By David Caplan, PhD
Despite its importance as the ultimate gatekeeper of scientific publication and funding, peer review is known to engender bias, incompetence, excessive expense, ineffectiveness, and corruption. A surfeit of publications has documented the deficiencies of this system.[1-4] In September, the fifth in a series of international congresses concerned with how peer review can be improved will convene in Chicago. Yet so far, in spite of the teeth gnashing, nothing is being chewed.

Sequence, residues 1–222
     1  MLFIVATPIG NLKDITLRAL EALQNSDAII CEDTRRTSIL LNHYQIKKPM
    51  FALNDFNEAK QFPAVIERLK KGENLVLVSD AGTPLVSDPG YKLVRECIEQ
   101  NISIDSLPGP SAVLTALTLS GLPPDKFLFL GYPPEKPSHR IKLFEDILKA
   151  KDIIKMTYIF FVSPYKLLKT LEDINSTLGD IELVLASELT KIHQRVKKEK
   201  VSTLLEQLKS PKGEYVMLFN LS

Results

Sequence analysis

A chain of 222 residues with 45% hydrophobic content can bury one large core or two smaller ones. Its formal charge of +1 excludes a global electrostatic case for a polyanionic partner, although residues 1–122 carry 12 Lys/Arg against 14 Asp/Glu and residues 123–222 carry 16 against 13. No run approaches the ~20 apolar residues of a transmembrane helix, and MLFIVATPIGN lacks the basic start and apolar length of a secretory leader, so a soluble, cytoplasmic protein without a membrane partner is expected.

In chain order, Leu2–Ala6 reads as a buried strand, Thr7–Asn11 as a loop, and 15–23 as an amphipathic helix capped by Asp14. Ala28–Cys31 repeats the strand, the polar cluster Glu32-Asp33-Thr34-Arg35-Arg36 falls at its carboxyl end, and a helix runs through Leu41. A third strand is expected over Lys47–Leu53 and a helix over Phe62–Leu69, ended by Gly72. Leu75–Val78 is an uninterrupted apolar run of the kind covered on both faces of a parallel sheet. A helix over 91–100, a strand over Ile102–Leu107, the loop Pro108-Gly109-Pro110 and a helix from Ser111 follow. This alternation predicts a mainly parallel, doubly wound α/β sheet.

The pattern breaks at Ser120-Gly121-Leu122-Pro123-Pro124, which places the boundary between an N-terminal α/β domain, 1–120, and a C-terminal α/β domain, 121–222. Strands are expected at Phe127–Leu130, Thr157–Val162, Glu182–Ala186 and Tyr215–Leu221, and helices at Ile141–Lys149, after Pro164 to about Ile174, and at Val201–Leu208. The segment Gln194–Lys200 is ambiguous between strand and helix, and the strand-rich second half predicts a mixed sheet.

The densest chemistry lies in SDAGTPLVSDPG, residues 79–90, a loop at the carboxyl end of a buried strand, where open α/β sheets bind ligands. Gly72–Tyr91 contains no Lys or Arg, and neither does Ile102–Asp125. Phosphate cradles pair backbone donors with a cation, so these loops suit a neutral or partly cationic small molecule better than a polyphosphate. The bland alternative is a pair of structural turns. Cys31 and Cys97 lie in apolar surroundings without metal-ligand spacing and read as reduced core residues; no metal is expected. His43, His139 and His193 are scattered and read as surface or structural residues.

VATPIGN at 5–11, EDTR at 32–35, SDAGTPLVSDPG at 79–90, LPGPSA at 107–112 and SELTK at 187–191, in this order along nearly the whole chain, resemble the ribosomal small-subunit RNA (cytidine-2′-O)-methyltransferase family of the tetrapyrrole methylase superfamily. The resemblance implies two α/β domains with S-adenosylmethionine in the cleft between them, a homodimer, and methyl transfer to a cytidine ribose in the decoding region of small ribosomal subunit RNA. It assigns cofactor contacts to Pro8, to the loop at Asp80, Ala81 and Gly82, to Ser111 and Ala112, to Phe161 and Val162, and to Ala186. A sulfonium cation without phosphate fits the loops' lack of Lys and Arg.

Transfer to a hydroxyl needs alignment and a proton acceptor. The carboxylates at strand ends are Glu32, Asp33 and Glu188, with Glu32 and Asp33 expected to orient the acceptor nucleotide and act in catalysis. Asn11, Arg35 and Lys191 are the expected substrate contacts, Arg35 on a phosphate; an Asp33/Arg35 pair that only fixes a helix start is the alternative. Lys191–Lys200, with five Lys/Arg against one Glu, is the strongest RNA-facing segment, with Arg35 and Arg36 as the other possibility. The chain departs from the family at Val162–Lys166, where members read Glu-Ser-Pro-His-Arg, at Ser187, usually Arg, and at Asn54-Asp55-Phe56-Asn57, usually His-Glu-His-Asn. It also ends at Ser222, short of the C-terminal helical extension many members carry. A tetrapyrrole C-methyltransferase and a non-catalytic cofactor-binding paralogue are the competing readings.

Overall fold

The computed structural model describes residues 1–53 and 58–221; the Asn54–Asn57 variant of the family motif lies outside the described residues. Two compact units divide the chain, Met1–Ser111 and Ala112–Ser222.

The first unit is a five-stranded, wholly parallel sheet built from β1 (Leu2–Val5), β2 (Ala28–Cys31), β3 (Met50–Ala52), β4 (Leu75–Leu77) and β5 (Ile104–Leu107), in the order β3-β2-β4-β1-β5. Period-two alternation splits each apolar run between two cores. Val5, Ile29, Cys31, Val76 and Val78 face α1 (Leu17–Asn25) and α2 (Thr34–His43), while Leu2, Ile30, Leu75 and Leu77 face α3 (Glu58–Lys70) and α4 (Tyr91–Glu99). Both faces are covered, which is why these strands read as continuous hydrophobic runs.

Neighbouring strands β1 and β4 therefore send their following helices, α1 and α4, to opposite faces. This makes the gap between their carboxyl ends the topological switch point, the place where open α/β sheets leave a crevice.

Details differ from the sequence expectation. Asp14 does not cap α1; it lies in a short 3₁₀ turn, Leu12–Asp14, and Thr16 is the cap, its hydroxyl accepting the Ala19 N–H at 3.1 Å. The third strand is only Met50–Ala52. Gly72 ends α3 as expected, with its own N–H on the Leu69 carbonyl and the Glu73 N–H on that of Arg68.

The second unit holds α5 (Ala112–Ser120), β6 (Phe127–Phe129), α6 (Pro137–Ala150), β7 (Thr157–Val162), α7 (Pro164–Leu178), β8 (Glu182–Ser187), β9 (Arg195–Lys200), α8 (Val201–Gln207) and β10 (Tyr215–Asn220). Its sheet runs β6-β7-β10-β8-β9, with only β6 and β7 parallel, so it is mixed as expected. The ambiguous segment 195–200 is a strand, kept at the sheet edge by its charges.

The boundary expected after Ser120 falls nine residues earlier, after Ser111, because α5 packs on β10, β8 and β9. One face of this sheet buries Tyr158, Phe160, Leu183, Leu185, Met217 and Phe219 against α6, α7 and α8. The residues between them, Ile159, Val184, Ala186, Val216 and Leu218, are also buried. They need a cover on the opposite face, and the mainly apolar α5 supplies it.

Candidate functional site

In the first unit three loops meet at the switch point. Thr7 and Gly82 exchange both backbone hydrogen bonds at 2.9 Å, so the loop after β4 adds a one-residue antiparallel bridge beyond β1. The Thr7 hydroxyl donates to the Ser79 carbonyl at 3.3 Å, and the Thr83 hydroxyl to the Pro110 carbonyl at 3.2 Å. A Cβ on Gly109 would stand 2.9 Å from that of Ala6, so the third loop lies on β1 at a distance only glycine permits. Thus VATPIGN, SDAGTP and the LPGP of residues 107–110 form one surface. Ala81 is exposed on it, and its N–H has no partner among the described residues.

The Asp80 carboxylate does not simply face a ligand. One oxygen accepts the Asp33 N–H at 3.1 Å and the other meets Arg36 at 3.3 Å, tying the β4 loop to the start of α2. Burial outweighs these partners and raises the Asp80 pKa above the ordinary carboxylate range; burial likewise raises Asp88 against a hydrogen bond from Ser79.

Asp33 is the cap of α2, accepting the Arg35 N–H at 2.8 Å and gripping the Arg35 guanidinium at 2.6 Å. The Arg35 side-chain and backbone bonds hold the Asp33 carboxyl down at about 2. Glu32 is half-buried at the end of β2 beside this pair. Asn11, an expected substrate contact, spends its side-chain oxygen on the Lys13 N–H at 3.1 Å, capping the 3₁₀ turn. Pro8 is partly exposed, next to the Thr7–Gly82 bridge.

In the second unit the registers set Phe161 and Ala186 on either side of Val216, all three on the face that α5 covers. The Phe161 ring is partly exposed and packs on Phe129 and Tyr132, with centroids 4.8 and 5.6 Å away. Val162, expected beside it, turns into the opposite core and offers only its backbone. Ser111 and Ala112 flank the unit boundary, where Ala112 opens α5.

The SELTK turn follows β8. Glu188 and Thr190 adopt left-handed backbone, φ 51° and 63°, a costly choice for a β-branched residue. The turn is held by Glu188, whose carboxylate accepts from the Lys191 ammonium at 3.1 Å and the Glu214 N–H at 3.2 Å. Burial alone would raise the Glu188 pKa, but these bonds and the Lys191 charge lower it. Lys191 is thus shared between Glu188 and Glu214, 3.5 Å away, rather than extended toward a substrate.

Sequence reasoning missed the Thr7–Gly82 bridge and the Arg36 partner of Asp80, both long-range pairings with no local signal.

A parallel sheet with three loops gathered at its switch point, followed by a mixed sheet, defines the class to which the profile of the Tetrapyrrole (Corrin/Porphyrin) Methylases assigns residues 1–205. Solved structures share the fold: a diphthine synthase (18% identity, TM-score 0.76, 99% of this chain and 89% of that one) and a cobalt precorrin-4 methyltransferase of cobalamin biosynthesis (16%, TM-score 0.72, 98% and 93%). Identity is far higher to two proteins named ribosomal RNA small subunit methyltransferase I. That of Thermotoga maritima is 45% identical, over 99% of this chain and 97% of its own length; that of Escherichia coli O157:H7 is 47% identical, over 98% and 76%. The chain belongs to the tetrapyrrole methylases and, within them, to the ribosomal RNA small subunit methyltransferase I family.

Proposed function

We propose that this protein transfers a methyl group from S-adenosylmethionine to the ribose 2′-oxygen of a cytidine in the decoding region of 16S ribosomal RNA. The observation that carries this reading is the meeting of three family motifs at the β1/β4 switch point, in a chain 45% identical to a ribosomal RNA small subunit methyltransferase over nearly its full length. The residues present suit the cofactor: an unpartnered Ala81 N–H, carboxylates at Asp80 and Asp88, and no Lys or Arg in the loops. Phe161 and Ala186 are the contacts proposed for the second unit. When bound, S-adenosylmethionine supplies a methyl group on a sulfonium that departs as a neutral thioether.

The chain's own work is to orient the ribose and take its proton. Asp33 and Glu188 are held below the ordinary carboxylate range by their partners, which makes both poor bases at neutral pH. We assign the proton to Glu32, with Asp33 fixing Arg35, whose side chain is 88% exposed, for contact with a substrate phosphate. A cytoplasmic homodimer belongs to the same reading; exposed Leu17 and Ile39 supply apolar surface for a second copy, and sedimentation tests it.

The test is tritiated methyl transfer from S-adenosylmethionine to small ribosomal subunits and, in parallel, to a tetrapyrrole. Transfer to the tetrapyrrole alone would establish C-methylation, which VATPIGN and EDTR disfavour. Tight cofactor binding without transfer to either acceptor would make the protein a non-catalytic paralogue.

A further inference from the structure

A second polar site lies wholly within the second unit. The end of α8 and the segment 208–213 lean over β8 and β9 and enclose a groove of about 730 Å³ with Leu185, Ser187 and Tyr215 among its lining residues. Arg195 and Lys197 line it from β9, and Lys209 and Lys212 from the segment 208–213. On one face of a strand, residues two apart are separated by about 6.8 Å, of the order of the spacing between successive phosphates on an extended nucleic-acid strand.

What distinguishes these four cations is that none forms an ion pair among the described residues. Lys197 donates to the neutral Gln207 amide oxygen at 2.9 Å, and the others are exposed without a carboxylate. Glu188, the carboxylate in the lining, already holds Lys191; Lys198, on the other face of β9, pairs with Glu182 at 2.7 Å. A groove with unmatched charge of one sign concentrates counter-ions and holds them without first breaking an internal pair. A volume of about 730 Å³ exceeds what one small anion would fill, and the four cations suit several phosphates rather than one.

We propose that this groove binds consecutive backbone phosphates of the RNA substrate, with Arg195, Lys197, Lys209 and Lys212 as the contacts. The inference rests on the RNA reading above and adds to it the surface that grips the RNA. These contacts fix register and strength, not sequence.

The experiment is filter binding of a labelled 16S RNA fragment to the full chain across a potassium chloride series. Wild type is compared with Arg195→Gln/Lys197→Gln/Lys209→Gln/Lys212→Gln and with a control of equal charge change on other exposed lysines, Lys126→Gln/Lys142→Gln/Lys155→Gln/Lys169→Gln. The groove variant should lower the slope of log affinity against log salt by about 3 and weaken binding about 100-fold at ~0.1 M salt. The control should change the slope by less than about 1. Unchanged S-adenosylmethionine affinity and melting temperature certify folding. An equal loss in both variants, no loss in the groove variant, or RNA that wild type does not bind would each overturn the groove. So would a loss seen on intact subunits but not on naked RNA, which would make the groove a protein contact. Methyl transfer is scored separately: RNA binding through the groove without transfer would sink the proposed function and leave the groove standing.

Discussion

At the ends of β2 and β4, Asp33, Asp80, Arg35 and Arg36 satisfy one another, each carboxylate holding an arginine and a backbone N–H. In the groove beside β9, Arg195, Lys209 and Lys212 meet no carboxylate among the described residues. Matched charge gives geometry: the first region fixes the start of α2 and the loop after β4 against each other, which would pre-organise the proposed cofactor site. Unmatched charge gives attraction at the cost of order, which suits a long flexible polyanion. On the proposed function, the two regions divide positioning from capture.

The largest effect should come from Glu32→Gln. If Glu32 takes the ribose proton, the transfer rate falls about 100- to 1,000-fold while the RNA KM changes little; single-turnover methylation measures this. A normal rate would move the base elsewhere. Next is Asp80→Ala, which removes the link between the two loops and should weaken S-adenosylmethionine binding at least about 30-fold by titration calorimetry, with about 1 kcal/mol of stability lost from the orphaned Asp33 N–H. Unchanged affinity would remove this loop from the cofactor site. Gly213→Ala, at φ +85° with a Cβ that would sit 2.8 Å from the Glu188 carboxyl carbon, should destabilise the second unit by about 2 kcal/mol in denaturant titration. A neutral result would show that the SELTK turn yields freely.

Investigation of the peer-review system has failed to provide validation for its use. In one study, previously published articles were altered to disguise their origin and resubmitted to the journals that had originally published the manuscripts. Most of these altered papers were not recognized and were rejected on supposed “scientific grounds.” Other investigators found that agreement among reviewers about whether specific manuscripts should be published was no greater than would be expected by chance alone.